For more than 200 years, Treasury has been managing the resources of the Federal government and embracing advancements and cutting-edge practices. Today we have an opportunity to create a more data-driven government that empowers our leaders to make more strategic decisions and provide the public with greater access and insight on how taxpayer money is spent. The ongoing Digital Accountability and Transparency Act (DATA Act) implementation, in which Treasury is playing a leading role, is providing that opportunity as agencies work to meet new standards that could enable the use of data and analytics. In 1990, the Chief Financial Officers Act of 1990 (CFO Act) established a vision for federal financial management to “provide for the production of complete, reliable, timely, and consistent financial information for use by the executive branch of the Government and the Congress in the financing, management, and evaluation of Federal programs.” Significant achievements have been made to maintain and report high-quality financial data — but the full vision of the CFO Act is still a work in progress. The 24 CFO Act agencies have been successful at promoting new accounting and reporting standards, generating auditable financial statements, strengthening internal controls, improving financial management systems and enhancing performance information. However, there is room for growth in the way financial reporting adapts to the evolving information technology landscape. Through the DATA Act implementation process Treasury has developed a DATA Act Information Model Schema (DAIMS) that links the financial data produced by agency CFOs with other spending data on Federal awards — including grants, loans and procurement data (as well as other related attributes). This new data set includes more than 400 data elements and significantly expands the data available to agency CFOs and other agency leadership. The DAIMS can also be extended to link to other administrative and program data to support data-driven decision-making. A New Vision for Federal Financial Management Treasury’s vision for a 21st century Federal Finance Organization includes five key levels based on leading private sector benchmarks for finance organizations. The first level covers the basics for any finance organization — budget formulation and transaction processing. The second level includes fundamental financial policies and regulatory controls to ensure appropriate accountability. Most agencies have achieved levels one and two. Levels three and above are where agencies can begin to see the added value in the investment of high-quality data and internal controls. This data can now be managed and used to support decision-making and to improve operations and outcomes. In addition to leading the government-wide implementation of the DATA Act, Treasury is also required to implement the law as an individual agency. As an implementing agency, Treasury is taking a data management and service delivery perspective, satisfying both internal and external customers who are demanding dynamic visualizations of data, meaningful reports and management dashboards. The DATA Act provides a unique opportunity to provide authoritative and standardized data across the enterprise to meet various needs, which fits into the new vision for Federal Financial Management above. At Treasury, we are expanding our data analytics and reporting efforts to gain more value from our data. The Department has been working internally to link existing enterprise data management activities to a financial data governance program working across the C suite and internal organizations. Treasury is also envisioning a new financial data service portal that will serve as the central repository for all Treasury financial data where agency leadership will have access to data, tools and resources to conduct program research and visualize the data in new ways, starting with DATA Act related insights. This data infrastructure will allow us to provide greater transparency and also create a more modern 21st century Federal Finance Organization that is a better steward of public resources. We believe that better data leads to better decisions and ultimately a better government. Christina Ho is the Deputy Assistant Secretary for Accounting Policy and Financial Transparency and Dorrice Roth is the Deputy Chief Financial Officer at the Department of the Treasury.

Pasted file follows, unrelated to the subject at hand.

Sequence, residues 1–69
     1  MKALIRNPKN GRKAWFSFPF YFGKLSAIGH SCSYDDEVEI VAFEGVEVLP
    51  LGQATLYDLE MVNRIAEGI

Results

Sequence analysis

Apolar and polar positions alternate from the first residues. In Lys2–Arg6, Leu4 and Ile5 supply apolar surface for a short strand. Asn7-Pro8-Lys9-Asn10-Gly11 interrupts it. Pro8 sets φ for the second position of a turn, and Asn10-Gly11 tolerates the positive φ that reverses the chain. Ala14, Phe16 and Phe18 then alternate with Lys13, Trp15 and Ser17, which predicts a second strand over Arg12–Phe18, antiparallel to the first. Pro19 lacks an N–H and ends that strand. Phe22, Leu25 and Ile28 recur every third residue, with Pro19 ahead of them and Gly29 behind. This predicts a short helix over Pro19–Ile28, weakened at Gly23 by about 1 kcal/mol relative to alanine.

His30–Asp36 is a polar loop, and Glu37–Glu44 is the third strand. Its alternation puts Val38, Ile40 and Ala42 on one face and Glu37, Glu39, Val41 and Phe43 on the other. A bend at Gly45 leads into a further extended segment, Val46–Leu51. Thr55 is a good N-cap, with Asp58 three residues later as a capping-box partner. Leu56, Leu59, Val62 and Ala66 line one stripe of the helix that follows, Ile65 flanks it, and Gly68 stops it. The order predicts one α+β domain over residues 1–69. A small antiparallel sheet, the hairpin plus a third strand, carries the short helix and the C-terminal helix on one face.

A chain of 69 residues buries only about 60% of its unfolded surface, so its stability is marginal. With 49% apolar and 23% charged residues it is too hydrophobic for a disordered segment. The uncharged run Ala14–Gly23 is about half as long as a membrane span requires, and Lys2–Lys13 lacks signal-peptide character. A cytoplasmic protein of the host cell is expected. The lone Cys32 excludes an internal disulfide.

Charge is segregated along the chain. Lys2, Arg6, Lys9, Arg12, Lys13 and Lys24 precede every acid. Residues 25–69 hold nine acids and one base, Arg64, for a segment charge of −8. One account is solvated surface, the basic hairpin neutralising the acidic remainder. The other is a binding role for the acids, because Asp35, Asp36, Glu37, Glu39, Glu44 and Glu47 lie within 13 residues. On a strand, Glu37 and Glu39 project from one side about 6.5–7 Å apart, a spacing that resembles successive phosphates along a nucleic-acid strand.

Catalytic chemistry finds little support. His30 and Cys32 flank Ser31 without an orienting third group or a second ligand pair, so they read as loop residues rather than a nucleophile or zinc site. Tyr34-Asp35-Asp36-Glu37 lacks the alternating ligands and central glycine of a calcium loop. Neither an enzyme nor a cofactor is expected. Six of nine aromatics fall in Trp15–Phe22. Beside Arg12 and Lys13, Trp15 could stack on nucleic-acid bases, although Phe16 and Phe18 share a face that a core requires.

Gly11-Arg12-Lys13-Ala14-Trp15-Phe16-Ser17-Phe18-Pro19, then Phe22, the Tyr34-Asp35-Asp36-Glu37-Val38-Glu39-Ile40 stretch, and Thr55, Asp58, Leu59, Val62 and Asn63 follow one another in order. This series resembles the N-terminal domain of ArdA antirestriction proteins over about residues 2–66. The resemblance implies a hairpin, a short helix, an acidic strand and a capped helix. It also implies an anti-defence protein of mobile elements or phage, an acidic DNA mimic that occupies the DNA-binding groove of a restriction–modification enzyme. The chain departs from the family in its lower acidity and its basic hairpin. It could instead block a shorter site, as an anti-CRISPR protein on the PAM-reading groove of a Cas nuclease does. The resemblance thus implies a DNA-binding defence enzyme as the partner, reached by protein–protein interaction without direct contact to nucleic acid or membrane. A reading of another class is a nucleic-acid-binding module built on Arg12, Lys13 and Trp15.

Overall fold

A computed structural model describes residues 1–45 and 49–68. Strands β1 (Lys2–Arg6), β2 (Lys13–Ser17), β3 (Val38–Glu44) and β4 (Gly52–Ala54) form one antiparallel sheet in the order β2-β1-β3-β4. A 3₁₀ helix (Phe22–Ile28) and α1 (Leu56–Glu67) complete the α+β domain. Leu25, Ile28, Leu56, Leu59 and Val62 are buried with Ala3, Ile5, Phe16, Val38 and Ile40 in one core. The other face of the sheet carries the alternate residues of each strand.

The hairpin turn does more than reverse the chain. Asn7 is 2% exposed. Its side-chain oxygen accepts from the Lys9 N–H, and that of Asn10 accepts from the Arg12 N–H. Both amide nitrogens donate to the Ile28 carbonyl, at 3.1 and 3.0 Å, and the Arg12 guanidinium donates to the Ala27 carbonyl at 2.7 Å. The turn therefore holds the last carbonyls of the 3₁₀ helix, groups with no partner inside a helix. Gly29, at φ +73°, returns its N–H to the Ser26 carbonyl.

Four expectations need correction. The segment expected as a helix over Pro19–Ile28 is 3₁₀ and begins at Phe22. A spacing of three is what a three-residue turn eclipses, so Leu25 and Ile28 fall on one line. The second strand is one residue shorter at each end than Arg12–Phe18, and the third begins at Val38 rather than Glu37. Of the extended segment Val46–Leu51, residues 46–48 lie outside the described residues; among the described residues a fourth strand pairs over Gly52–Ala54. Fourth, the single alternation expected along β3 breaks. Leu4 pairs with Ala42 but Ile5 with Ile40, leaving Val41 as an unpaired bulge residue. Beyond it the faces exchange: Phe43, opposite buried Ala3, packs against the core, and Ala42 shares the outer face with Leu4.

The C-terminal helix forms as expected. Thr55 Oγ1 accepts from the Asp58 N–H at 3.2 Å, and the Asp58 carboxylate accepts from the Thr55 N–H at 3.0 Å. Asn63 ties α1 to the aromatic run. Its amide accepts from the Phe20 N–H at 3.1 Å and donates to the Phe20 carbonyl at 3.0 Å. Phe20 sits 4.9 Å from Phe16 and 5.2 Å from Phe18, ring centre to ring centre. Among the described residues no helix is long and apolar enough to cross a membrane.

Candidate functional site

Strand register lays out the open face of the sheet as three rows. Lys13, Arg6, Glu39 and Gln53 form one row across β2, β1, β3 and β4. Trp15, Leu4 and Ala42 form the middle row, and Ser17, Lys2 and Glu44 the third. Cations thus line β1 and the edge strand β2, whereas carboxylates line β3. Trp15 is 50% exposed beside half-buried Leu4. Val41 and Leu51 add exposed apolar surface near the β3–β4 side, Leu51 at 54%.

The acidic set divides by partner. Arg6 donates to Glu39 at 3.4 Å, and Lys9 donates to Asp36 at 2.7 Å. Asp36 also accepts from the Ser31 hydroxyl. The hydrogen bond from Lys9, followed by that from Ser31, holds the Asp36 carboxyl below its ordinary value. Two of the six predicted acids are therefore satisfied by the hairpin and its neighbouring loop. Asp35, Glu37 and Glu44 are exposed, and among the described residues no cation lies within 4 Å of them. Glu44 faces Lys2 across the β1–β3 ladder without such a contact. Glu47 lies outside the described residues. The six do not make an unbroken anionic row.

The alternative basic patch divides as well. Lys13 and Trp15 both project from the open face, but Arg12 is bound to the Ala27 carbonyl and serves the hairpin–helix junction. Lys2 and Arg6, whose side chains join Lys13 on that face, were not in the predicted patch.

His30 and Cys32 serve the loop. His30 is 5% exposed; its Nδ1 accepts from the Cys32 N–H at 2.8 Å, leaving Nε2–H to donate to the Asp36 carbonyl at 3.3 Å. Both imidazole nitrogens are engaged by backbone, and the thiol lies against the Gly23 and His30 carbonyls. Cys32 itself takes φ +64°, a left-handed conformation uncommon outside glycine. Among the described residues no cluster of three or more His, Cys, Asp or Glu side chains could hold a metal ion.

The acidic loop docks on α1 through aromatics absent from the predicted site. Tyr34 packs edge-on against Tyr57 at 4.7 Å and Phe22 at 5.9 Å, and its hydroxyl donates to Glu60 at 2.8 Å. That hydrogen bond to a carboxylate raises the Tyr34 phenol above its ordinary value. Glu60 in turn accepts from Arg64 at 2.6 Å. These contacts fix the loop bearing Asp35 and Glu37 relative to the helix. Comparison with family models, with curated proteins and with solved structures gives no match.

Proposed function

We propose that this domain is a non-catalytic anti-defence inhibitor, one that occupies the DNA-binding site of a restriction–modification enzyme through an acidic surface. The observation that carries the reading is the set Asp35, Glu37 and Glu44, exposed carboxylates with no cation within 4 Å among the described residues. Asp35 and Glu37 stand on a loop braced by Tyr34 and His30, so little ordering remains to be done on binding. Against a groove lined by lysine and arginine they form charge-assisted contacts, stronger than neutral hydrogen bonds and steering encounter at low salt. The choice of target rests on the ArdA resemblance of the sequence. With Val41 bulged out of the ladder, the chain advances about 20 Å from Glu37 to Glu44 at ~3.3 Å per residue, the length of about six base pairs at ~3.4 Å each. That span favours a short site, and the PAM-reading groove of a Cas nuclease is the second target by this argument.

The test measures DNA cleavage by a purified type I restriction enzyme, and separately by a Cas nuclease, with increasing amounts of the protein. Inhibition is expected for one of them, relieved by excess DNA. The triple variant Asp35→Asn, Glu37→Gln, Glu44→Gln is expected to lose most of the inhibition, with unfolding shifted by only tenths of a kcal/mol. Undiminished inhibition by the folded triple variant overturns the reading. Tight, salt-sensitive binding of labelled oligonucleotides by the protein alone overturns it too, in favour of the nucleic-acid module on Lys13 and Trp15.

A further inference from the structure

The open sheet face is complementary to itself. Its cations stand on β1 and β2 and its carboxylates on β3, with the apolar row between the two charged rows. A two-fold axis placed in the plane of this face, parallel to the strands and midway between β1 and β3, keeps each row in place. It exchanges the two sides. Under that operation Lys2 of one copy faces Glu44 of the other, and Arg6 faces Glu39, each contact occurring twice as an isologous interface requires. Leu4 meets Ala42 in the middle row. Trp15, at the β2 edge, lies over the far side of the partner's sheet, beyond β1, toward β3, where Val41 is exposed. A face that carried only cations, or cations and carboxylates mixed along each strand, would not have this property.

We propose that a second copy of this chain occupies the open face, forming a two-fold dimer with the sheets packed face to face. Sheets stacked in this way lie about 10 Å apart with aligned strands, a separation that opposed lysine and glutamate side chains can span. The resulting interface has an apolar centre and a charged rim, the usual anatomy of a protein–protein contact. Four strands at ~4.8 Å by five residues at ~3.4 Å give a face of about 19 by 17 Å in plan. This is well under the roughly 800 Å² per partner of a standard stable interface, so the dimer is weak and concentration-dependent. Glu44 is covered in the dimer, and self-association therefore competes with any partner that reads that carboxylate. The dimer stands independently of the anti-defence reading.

Introduction In 2015, the Department of Education launched the College Scorecard, a vast database of student outcomes at specific colleges and universities developed from a variety of administrative data sources. The Scorecard provides the most comprehensive and accurate information available on the post-enrollment outcomes of students, like whether they get a job, the rate at which they repay their loans, and how much they earn. While labor-market success is certainly not the end-all-be-all of higher education, the notion that a college education is a ticket to a good job and a pathway to economic opportunity is intrinsic to the tax benefits and financial support provided by federal and state governments, to the willingness of parents and families to shoulder the burden of college’s high costs, and to the dreams of millions of students. More than 86% percent of freshmen say that “to be able to get a better job” is a “very important” reason for going to college. That is why the College Scorecard is a breakthrough—for the first time, students have access to detailed and reliable information on the economic outcomes of students after leaving college, including the vast majority of colleges that are non-selective or otherwise fall between the cracks of other information providers. The data show that at every type of post-secondary institution, the differences in post-college earnings across institutions are profound. Some students attend institutions where many students don’t finish, or that don’t lead to good jobs. Moreover, the analysis behind the Scorecard suggested not only that there are large differences across institutions in their economic outcomes, but that these differences are relevant to would-be students. For instance, the evidence in the Scorecard showed that when a low-income student goes to a school with a high completion rates and good post-college earnings, she is likely to do as well as anyone else there. While there are large differences between where rich and poor kids are likely to apply and attend, there is little difference in their outcomes after leaving school: the poorest aid recipients earn almost as much as the richest borrowers. This pattern suggests, at least, that low-income students are not mismatched or underqualified for the schools they currently attend. But it is also consistent with powerful evidence from academic studies that show that when marginal students get a shot at a higher-quality institution their graduation rates and post-college earnings converge toward those of their new peers (Zimmerman 2014, Goodman et al. 2015). Hence, the Scorecard is likely to provide useful information for students, policymakers, and administrators on important measures of post-college success, access to college by disadvantaged students, and economic mobility. Indeed, the College Scorecard shows that great economic outcomes are not exclusive to Ivy-League students. Many institutions have both good outcomes and diverse origins—institutions whose admissions policies, or lack thereof, take in disproportionate shares of poor kids and lift them up the economic ladder. Nevertheless, the design of the Scorecard required making methodological choices to produce the data on a regular basis, and making it simple and accessible required choosing among specific measures intended to be representative. Some of these choices were determined by data availability or other considerations. Some choices have been criticized (e.g. Whitehurst and Chingos 2015). Other valuable indicators could not be reliably produced on a regular basis or in a way that evolved over time as college or student outcomes changed. In part to address these issues, we supported the research that lead to the creation of Mobility Report Cards, which provide a test of the validity and robustness of the College Scorecard and an expansion of its scope. Mobility Report Cards (MRCs) attempt to answer the question “which colleges in America contribute the most to helping children climb the income ladder?” and characterize rates of intergeneration income mobility at each college in the United States. The project draws on de-identified administrative data covering over 30 million college students from 1999 to 2013, and focuses on students enrolled between the ages of 18 and 22, for whom both their parents’ income information and their own subsequent labor-market outcomes can be observed. MRCs provide new information on access to colleges of children from different family backgrounds, the likelihood that low-income students at different colleges move up in the income distribution, and trends in access over time. Background on College Scorecard The College Scorecard provides detailed information on the labor-market outcomes of financial-aid recipients post enrollment, including average employment status and measures of earnings for employed graduates; outcomes for specific groups of students, like students from lower-income families, dependent students, and for women and men; and measures of those outcomes early and later in their post-college careers. These outcome measures are specific to the students receiving federal aid, and to the institutions those students attend. And the outcome measures are constructed using technical specifications similar to those used to measure other student outcomes, like the student loan Cohort Default Rate, which allows for a consistent framework for measurement while allowing institution outcomes to evolve from cohort to cohort. The technical paper accompanying the College Scorecard spelled out the important properties and limitations of the federal data used in the Scorecard, regarding the share of students covered, the institutions covered, the construction of cohorts, the level of aggregation of statistics, and how the earnings measures were used. These choices were made subject to certain constraints on disclosure, statistical reliability, reproducibility, and operational capacity, and with specific goals of making the data regularly available (updating it on an annual basis), using measurement concepts similar to those used in other education-related areas (like student loan outcomes), and providing measures that could evolve over time as characteristics of schools and student outcomes changed. These constraints imposed tradeoffs and required choices. Moreover, the research team producing the MRCs was not bound by certain of these methodological requirements or design goals, and thus could make alternative choices. Despite making different choices, however, the analysis below shows that on balance the outcome measures common to both projects are extremely similar. In brief, the Scorecard estimates are based on data from the National Student Loan Data System (NSLDS) covering undergraduate students receiving federal aid. NSLDS data provides information on certain characteristics of students, the calendar time and student’s reported grade level when they first received aid, and detailed information on the institution they attended (such as the 6- and 8-digit Office of Postsecondary Education Identification number OPEID). These data and identifiers are regularly used as the basis for reporting institution-specific student outcomes, like the Cohort Default Rate or disbursements of federal aid. For purposes of constructing economic outcomes using these data, all undergraduate aid recipients were assigned an entry cohort—either the year they first received aid if a first-year college student, or an imputation for their entry year based on the year they were first aided and their academic level. (For instance, if a student self-reported entering their second undergraduate year in the first year they received aid, they would be assigned a cohort year for the previous year.) If a student attended more than one institution as an undergraduate, that student was included in the cohorts of each institution (i.e. their outcomes were included in the average outcomes of each institution—just as is done with the Cohort Default Rate). These data were linked to information from administrative tax and education data at specific intervals post-entry (e.g. 6, 8, and 10 years after the cohort entry year). Adjacent cohorts were combined (e.g. entry cohorts in 2000 and 2001 were linked to outcomes in 2010 and 2011, respectively). Individuals who are not currently in the labor market (defined as having zero earnings) are excluded. And institution-by-cohort specific measures like mean or median earnings and the fraction of students that earn more than $25,000 (among those working), were constructed for the cohorts (e.g. mean earnings for non-enrolled, employed aid recipients ten years after entry for the combined 2000 and 2001 cohorts). Each year, the sample was rolled forward one year, with the earlier cohort being dropped and a new cohort being added, allowing the sample to evolve over time. This focus on aid recipients is natural for producing estimates related to aid outcomes, like student debt levels or the ratio of debt to earnings. Moreover, these data are regularly used to produce institution-specific accountability measures, like the Cohort Default Rate, which are familiar to stakeholders and authorized and regularly used to report institution-specific outcomes. Constructing the sample based on entry year and rolling forward one year allowed for comparisons within schools over time, to assess improvement or the effects of other changes on student outcomes. The focus of and choices underlying the Scorecard also had several potential disadvantages, which were noted in the technical paper or by reviewers offering constructive criticism (e.g. Whitehurst and Chingos 2015). These limitations, criticisms, and omissions of the Scorecard include the following specific to the methodology and data limitations. First, the Scorecard’s sample of students includes only federal student aid recipients. While these students are an obvious focus of aid policies, and comprise a majority of students at many institutions, high-income students whose families cover full tuition are excluded from the analysis. Moreover, schools with more generous financial aid often have a smaller share of students on federal financial aid, implying that the share and type of students included in the Scorecard vary across colleges. Unfortunately, the information needed to assign students to a specific entry cohort at a specific educational institution and to report institution-specific data is not available at the same degree of reliability and uniformity for non-federal-aid recipients. For instance, Form 1098-T (used to administer tax credits for tuition paid) may not identify specific institutions or campuses (e.g. within a state university system) and does not report information on the academic level or entry year of the student. In addition, certain disclosure standards prevented the publication of institution-specific data. Estimates based on aggregated statistics (as are used in the Mobility Report Cards) include an element of (deliberate) uncertainty in the outcomes, and subjectivity in terms estimation methodology. Second, FAFSA family income may not be a reliable indicator of access or opportunity. FAFSA family income is measured differently depending on whether students are dependent or independent; it is missing for many that do not receive aid; and it can be misleading for those who are independent borrowers. Unfortunately, information on family background is generally only available for FAFSA applicants (aid recipients) who are dependents at the time of application. Mobility Report Cards provide a more comprehensive and uniform measure of family income, but only for the cohorts of students they are able to link back to their parents (e.g. those born after 1979.) Mobility Report Cards The above factors raised concerns about the Scorecard’s reliability and usefulness to stakeholders. In an effort to assess the validity and robustness of Scorecard measures using an alternative sample and with more consistent definitions of family income and more outcomes, we supported the analysis behind the study “Mobility Report Cards: The Role of Colleges in Intergenerational Mobility in the U.S.” (Chetty, Friedman, Saez, Turner, and Yagan 2017). Perhaps most importantly, the Mobility Report Card (MRC) uses records from the Treasury Department on tuition-paying students in conjunction with Pell-grant records from the Department of Education in order to construct nearly universal attendance measures at all U.S. colleges between the ages of 18 and 22. Thus the MRC sample of students is more comprehensive of this population relative to the Scorecard. However, older students are generally not included in the MRC sample and certain institutions cannot be separately identified in the MRC sample. Furthermore, the MRC methodology relies on producing estimates of institutional outcomes rather than producing actual data on institution outcomes. At certain institutions, particularly those that enroll a disproportionate share of older students (such as for-profit and community colleges) and where a large share students receive Title IV aid, the Scorecard provides a more comprehensive sample of student outcomes. Another area of difference is that the MRC organizes its analysis around entire birth cohorts who can be linked to parents in their adolescence. It then measures whether and where each member of the birth cohort attends college. By following full birth cohorts, cross-college comparisons of adult earnings in the MRC measure earnings at the same age (32-34), unlike the Scorecard which measures adult earnings across colleges at different points in the lifecycle, depending on when the students attended the college. The advantage of the MRC approach is that it allows a comprehensive analysis of the outcomes of the entire birth cohort at regular intervals. However, the disadvantage mentioned above is that there is no information on older cohorts born prior to 1980. In addition, the MRC includes zero-earners in its earnings measures, whereas the Scorecard excludes them from their measures of earnings outcomes. Because it is not possible to differentiate individuals who are involuntarily unemployed (e.g. who were laid off from a job) from those who are out of the labor force by choice (in school, raising children, or retired), the Scorecard focused on measuring earnings specifically for those who clearly were participating in the labor market. Finally, family income in the MRC is measured consistently across cohorts using a detailed and relatively comprehensive measure of household income: total pre-tax income at the household level averaged between the kid ages of 15 and 19, as reflected on the parents’ tax forms. The design choices made in developing the MRC come at the cost of published statistics not being exact and instead being granular estimates (see Chetty Friedman Saez Turner Yagan 2016) and of not being as easily replicable over time. However, the MRC’s design addresses many of the critiques made of the Scorecard. If the critiques of the Scorecard are quantitatively important, one should find that the MRC and Scorecard values differ substantially. In other words, the MRC data provide an estimate of how much the data constraints and methodological choices affect the data quality. Comparison of the College Scorecard and Mobility Report Cards The most basic test of the robustness of the Scorecard to the variations embodied in the MRC is to compare the main Scorecard adult earnings measure—median earnings of students ten years after they attend a college—with the analogous measure from the MRC: median earnings in 2014 (age 32-34) of the 1980-1982 birth cohort by college. For shorthand, we refer to these measures as Scorecard median earnings and MRC median earnings, respectively. Figure 1 plots MRC median earnings versus Scorecard median earnings. Both median earnings measures are plotted in thousands of 2015 dollars. Overlaid on the dots is the regression line on the underlying college-level data. Figure 1 The graph shows an extremely tight, nearly-one-for-one relationship: a slope of 1.12 with an R2 of 0.92. Visually one can see that not only does each extra thousand dollars of Scorecard median earnings typically translate into an extra thousand dollars of MRC median earnings, but the levels line up very closely as well. Hence across the vast majority of colleges, Scorecard median earnings are very close to MRC median earnings. The close correspondence between MRC median earnings and Scorecard median earnings can also be seen when examining college-level comparison lists. For example, among colleges with at least 500 students, almost exactly the same colleges appear in the top rankings using either measure. (This is natural given the very high R2 reported in Figure 1.) Hence, the Scorecard and MRC share a very tight relationship. In unreported analysis, we find that two offsetting effects tend to explain this very tight relationship between Scorecard median earnings and MRC median earnings. On the one hand, the MRC’s inclusion of students who earn nothing as adults somewhat reduces each college’s median adult earnings. On the other hand, the MRC’s inclusion of students from high-income families somewhat increases each college’s median adult earnings, as students from high-income families are somewhat more likely to earn high incomes as adults. The two competing effects tend to offset each other in practice, yielding MRC median earnings that are quite close to Scorecard median earnings. While some schools are outliers, in the sense that the measures differ, those examples are often readily explained by differences in methodological choices. For instances, because the Scorecard conditions on having positive earnings, schools where an unusually high share of students voluntarily leave the labor force have different outcomes in the MRC than the Scorecard. The other important contributor to outliers is the MRC’s restriction to students enrolled between ages 18 and 22, which tends to exclude many older, mid-career workers. These individuals tend both to be employed, often have relatively high earnings, and tend to enroll at for-profit schools (or other schools aimed at providing mid-career credentials). The Scorecard includes these students, whereas the MRC tends to exclude them. Conclusion The College Scorecard was created to provide students, families, educators, and policymakers with new information on the outcomes of students attending each college in the United States, and improving the return on federal tax and expenditure programs. Mobility Report Cards expand the scope of the information on the outcomes and the characteristics of students attending American colleges. Our analysis finds a very high degree of agreement at the college level between Scorecard median adult earnings and Mobility Report Card median adult earnings, suggesting that the Scorecard is a reliable tool measuring the outcomes of students and institutions that benefit from federal student aid and tax expenditures. References Chetty, Raj, John N. Friedman, Emmanuel Saez, Nicholas Turner, and Danny Yagan. “Mobility Report Cards: The Role of Colleges in Intergenerational Mobility in the U.S.”. (2016). Goodman, Joshua, Michael Hurwitz, and Jonathan Smith. “Access to Four-Year Public Colleges and Degree Completion.” Journal of Labor Economics (2017). Whitehurst, Grover J. and Matthew M. Chingos. “Deconstructing and Reconstructing the College Scorecard.” Brookings Working Paper (2015). Zimmerman, Seth D. "The returns to college admission for academically marginal students." Journal of Labor Economics 32.4 (2014): 711-754. Adam Looney, Deputy Assistant Secretary for Tax Analysis at the US Department of Treasury.  https://www.washingtonpost.com/news/rampage/wp/2015/02/17/why-do-americans-go-to-college-first-and-foremost-they-want-better-jobs  This assignment was capped at two years, so that students reported entering their third, fourth, or fifth year were assigned a cohort two years prior.  For instance, in the 2002 Scorecard entry cohort, 42 percent of students were over age 22 when they first received aid.  The Scorecard data base does include the fraction of borrowers without earnings, which allows for the computation of unconditional mean earnings.  We also restrict to colleges with at least 100 MRC students on average across the 1980-1982 birth cohorts and to colleges that have observations in both the Scorecard and the MRC. For MRC colleges that are groups of Scorecard colleges, we use the count-weighted mean of Scorecard mean earnings across colleges within a group. See Chetty Friedman Saez Turner Yagan (2016) for grouping details.